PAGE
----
Updated: February 25, 2011 at 12:00 am
Congressional redistricting has been a much-vaunted political topic this year, as state lawmakers prepare to redraw each of Colorado’s seven congressional districts. But the 2010 Census also marks the beginning of a parallel process, as state legislators redraw their own districts. The process is called reapportionment. It’s the same as redistricting, but applies to state House and Senate districts.
Many political observers expect redistricting this year will be relatively tame, because Colorado is neither gaining nor losing a congressional seat, but reapportionment can give a single party control over the state Legislature for the next decade.
“It might get pretty hot,” said Bob Loevy, professor of political science at Colorado College.
And El Paso County likely will play a significant role in reapportionment. Senate Majority Leader John Morse, D-Colorado Springs, owes his time in the Capitol to the 2000 reapportionment, when Democrats were able to tilt his district just enough to the left that he beat incumbent Republican Ed Jones in 2006, and won a second term last year.
“If you want a textbook example of the importance of reapportionment, look at El Paso County,” said Loevy.
Democrats will likely control the reapportionment process, Loevy said. Gov. John Hickenlooper, a Democrat, will appoint three members to the commission. The House and Senate minority and majority leaders also serve on the commission, and there are two of each party. And politicos agree that state Supreme Court Justice Michael Bender, who will appoint four members of the commission, will likely choose moderate Democrats.
That means Democrats likely will control all but two positions on the 11-member commission, said Loevy.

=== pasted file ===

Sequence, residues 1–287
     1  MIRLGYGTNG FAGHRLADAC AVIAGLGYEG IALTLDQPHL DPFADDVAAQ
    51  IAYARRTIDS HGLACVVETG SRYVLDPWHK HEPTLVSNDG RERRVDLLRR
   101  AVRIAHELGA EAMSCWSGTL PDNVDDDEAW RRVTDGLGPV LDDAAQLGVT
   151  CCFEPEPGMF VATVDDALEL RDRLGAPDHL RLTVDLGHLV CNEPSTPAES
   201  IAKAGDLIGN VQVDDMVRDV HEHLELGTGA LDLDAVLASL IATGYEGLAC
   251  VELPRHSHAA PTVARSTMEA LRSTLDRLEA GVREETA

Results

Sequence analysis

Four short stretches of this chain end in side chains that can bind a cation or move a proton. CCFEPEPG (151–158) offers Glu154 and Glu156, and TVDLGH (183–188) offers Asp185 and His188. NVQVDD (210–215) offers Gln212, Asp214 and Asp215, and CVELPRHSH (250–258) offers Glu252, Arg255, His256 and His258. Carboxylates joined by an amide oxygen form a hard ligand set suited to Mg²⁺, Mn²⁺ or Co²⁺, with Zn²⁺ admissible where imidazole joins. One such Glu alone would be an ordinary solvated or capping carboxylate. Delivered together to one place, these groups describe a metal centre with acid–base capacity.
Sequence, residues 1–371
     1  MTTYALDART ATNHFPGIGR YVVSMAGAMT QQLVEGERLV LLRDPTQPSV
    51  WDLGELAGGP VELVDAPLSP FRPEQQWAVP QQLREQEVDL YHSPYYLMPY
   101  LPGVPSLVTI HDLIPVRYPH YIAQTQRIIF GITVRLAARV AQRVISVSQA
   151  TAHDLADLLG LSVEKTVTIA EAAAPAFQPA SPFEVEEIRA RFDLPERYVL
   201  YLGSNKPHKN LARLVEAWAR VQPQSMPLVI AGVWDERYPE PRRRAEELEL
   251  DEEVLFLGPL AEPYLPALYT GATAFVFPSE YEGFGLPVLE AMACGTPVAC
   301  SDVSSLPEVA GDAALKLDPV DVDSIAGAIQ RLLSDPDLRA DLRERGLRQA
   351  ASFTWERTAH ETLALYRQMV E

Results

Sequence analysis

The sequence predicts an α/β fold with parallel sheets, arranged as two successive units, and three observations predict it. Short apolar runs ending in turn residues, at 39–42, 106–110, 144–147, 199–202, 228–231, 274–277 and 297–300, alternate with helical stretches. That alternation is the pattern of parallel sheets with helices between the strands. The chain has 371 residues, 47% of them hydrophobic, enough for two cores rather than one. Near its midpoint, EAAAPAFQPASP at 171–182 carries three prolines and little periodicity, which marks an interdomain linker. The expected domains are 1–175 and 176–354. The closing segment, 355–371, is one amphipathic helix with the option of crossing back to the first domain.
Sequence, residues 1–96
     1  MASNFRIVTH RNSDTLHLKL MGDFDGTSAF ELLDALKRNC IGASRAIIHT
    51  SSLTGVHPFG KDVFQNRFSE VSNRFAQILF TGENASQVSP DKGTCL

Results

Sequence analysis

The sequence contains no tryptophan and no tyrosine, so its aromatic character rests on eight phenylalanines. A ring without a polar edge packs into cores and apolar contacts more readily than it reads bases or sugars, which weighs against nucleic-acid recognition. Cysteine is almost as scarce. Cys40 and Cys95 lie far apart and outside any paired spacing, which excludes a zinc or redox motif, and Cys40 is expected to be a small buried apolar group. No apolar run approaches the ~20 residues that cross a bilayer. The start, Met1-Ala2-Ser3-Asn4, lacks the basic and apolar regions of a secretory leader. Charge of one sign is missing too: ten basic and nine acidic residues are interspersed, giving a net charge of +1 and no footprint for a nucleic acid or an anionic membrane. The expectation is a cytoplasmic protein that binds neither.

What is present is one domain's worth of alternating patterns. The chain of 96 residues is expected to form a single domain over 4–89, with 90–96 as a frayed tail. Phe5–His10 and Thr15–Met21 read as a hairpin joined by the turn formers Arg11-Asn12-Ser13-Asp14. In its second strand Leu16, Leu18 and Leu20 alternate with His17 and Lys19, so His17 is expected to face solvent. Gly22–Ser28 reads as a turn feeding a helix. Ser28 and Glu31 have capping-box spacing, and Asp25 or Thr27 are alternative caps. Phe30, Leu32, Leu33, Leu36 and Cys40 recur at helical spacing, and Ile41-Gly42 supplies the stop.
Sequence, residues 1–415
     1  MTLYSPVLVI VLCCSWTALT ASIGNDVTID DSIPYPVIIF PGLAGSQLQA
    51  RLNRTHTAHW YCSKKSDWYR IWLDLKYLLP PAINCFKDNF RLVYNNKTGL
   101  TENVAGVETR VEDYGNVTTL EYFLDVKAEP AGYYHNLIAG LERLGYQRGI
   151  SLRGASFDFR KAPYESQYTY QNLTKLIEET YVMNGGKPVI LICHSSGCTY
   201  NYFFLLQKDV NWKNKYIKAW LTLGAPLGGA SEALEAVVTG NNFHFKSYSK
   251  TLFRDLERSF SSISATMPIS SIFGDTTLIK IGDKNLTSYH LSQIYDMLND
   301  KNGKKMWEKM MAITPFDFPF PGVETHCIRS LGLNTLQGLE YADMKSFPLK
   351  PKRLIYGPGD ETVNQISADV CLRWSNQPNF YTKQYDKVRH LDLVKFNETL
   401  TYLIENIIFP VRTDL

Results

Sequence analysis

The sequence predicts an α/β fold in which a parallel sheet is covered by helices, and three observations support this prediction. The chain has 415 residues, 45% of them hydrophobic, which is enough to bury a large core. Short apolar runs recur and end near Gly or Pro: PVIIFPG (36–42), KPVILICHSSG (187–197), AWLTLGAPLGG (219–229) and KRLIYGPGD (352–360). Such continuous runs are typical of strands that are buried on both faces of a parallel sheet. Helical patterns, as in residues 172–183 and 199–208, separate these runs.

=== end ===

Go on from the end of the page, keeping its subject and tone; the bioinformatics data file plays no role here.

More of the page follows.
Morse, as well as Hickenlooper spokesman Eric Brown, said the Democrats on the commission will do their best to draw fair districts.
“The whole commission process was established to try to minimize each party’s ability to gerrymander,” said Morse.
Sen. Kent Lambert, R-Colorado Springs, scoffed at the idea.
“I’ll believe that when I see it,” Lambert said. “Here we have another self-perpetuating situation that could really be a holdover from the last gerrymandering session we had. Things haven’t changed that much.”
A look at census numbers indicates that Republicans in El Paso County stand to make the most gains in the reapportionment process because they represent areas with both high population growth and high percentages of active Republicans.
If those areas split, chances are that a Republican lawmaker will fill the seat. Democrats in El Paso County may be even more threatened because the areas that historically housed the most Democrats are shrinking. If those districts grow, there’s a chance they will take in additional Republican voters.
In November, Morse squeaked out a victory for Senate District 11 by 340 votes. That district, which encompasses Manitou Springs and eastern Colorado Springs, has been shrinking. Data from the 2010 Census show that the district’s population is about 19,600 fewer than the new ideal size for senate districts, which is 143,000.
Rep. Pete Lee, the county’s other Democratic lawmaker, also is in a shrinking district.
House District 18 includes Manitou Springs, as well as the west side of Colorado Springs and downtown, and is the only local House district where there are more registered active Democrats than Republicans. The district has a population of 66,291, s. The ideal population for house districts is an estimated 77,000.
In contrast, the House districts that are growing the most are overwhelmingly Republican. The fastest-growing district – District 20, with a population of 106,000 – includes Black Forest, the Air Force Academy and Monument. In that district, Republican House Majority Leader Amy Stephens was uncontested in November’s election. That district has about 29,000 more than the ideal district size, and Republicans outnumber Democrats by almost five-to one.
The second-fastest growing district is District 15, represented by Rep. Mark Waller, R-Colorado Springs, which includes northeast Colorado Springs, Falcon and Cimarron Hills. The population for that district is almost 20,000 more than the ideal population size for a district, and Republicans outnumber Democrats by almost three-to-one.
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